The girdle on the left was even purchased in the 1990's, however, the corsetiere at Coja of Rijswijk (who still works there as she has done for 45 years), suggested that such girdles were more common amongst the British. CAMP made some ferociously strong pantie-girdles in heavy patterned elastic with the mandatory satin facing front and rear. We purchased two examples in Groningen in the late 1980's, however, they were the end of the line at a clearance sale. For comparison, the American version is shown on the right. No patterned elastic here, but more emphasis has been placed on the satin accents. It is also a formidable girdle.


The corset on the left below was a standard high street model from Hunkemoller in the 1970's. Heavy, firm and solidly constructed; this long-lasting quality product would appeal to the cost conscious Dutch. Of course, a discussion of Holland's corsetry wouldn't be complete without a mention of the amazing perforated white rubber corsets on sale until the late 1970's. My aunt swore by these, and occasionally at them for they were cold to put on in winter and ridiculously sweaty in summer.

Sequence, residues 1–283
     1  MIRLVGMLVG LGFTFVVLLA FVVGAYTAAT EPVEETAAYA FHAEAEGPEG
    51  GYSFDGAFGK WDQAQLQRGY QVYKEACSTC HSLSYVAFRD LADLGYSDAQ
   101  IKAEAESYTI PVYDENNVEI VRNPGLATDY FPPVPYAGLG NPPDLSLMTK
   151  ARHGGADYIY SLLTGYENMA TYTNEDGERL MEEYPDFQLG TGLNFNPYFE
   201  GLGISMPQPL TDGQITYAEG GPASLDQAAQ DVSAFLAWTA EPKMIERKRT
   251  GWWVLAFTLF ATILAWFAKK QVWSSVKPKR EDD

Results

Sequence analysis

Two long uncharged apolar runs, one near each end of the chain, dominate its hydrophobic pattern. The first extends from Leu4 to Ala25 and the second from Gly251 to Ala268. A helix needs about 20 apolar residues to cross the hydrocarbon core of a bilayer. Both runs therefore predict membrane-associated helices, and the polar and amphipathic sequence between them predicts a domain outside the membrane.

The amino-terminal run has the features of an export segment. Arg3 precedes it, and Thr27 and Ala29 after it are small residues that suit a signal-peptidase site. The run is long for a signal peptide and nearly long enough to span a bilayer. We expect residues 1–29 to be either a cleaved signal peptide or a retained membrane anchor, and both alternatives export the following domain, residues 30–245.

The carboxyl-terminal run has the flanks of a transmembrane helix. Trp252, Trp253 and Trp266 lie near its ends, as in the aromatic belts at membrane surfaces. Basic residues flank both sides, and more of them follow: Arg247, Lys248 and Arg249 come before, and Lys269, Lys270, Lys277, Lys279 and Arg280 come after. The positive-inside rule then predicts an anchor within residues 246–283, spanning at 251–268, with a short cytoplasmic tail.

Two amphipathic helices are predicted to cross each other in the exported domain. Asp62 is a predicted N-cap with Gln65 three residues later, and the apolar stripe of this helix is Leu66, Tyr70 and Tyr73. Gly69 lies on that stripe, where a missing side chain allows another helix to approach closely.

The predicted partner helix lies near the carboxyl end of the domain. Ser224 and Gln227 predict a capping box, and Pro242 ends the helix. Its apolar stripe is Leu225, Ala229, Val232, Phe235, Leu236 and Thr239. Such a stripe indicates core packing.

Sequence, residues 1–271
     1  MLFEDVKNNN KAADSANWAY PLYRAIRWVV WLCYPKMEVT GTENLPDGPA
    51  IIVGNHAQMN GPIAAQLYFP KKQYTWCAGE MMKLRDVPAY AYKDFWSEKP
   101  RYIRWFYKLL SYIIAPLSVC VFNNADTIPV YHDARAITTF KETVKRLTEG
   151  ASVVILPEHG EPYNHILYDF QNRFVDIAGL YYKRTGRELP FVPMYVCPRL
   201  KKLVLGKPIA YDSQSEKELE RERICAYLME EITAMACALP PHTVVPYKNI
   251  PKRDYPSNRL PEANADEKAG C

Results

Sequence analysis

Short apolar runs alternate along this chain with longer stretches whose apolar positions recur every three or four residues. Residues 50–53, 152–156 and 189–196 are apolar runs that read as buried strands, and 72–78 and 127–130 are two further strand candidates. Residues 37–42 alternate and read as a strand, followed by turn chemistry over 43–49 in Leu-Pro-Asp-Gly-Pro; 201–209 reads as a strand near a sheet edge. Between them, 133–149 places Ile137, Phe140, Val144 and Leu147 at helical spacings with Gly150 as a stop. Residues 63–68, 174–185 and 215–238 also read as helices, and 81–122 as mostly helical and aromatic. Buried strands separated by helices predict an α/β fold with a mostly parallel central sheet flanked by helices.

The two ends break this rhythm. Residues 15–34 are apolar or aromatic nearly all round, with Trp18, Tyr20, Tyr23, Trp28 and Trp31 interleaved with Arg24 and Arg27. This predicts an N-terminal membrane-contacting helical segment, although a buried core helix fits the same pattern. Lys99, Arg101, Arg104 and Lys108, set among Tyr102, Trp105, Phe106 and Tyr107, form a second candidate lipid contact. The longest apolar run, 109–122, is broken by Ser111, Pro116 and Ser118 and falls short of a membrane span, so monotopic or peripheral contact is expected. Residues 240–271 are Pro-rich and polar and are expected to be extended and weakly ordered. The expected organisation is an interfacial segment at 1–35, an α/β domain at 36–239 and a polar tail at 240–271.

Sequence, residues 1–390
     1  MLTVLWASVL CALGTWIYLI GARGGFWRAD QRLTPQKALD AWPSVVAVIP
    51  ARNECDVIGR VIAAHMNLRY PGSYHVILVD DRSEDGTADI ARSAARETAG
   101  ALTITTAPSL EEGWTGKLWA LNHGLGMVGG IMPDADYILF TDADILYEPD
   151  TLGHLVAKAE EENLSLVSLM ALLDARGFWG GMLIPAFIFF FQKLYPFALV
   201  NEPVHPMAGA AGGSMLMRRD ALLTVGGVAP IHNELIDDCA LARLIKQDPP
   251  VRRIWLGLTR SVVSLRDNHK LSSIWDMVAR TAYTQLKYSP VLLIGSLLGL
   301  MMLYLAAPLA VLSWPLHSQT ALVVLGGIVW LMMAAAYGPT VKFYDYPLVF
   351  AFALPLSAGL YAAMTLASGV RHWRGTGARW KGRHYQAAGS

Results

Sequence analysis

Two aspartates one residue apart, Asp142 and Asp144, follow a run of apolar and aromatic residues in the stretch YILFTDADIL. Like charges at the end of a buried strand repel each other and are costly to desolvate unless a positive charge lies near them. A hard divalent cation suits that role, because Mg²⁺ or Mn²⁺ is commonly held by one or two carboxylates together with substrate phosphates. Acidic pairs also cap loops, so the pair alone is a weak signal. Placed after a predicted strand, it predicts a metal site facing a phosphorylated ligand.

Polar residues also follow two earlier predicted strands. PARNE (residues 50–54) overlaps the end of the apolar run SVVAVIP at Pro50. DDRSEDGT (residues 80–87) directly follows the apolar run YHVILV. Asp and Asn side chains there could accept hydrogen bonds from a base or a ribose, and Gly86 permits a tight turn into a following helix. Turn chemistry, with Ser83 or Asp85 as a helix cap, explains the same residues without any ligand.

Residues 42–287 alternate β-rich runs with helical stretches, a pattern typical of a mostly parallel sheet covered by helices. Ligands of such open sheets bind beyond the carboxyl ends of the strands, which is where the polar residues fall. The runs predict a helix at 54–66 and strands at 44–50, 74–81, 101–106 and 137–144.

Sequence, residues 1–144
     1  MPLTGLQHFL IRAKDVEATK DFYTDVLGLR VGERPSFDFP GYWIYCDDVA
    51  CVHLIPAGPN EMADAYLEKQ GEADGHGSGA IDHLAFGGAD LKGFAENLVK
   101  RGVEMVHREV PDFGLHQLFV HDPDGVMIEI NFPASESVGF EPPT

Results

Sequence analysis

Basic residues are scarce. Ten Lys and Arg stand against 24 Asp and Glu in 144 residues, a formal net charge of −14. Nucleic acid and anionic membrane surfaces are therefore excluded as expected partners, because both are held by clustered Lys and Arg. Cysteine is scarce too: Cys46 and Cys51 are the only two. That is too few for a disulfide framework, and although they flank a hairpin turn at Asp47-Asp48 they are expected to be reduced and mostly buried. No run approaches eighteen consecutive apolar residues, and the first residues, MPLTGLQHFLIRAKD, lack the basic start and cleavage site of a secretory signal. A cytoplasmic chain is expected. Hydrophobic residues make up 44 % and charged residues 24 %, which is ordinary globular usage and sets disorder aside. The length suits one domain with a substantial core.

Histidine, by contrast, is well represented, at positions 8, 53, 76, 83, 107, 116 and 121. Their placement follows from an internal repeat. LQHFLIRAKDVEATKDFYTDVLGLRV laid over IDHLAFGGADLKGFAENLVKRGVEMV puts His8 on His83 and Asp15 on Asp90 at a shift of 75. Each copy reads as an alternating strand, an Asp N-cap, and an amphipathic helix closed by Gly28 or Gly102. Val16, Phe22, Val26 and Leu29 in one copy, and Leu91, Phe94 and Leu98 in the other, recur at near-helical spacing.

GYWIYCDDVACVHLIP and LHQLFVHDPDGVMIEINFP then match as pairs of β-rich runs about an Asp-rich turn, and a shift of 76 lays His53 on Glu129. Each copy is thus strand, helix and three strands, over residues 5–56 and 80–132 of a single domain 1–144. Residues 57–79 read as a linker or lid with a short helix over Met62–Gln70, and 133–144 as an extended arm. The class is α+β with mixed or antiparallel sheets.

We have been guilty of assuming that Belgium, lying as it does between Holland and France would adopt the corsetry fashions of its larger neighbours, however, this is to do Belgium a great disservice. Flanders has long been famous for its textile industry and lace, and produced many excellent corsets of its own. Corsetry marketed in both France and Holland was often manufactured in Belgium. We have included Belgium recently to this page (September 2007) for one important reason and that is our discovery in a modern catalogue of some excellent images of panty-girdles (I hate the euphemism shapewear). Such devices were the but of golf club jokes barely a decade ago, but nowadays, no self-respecting starlet's wardrobe is complete without them.


Available from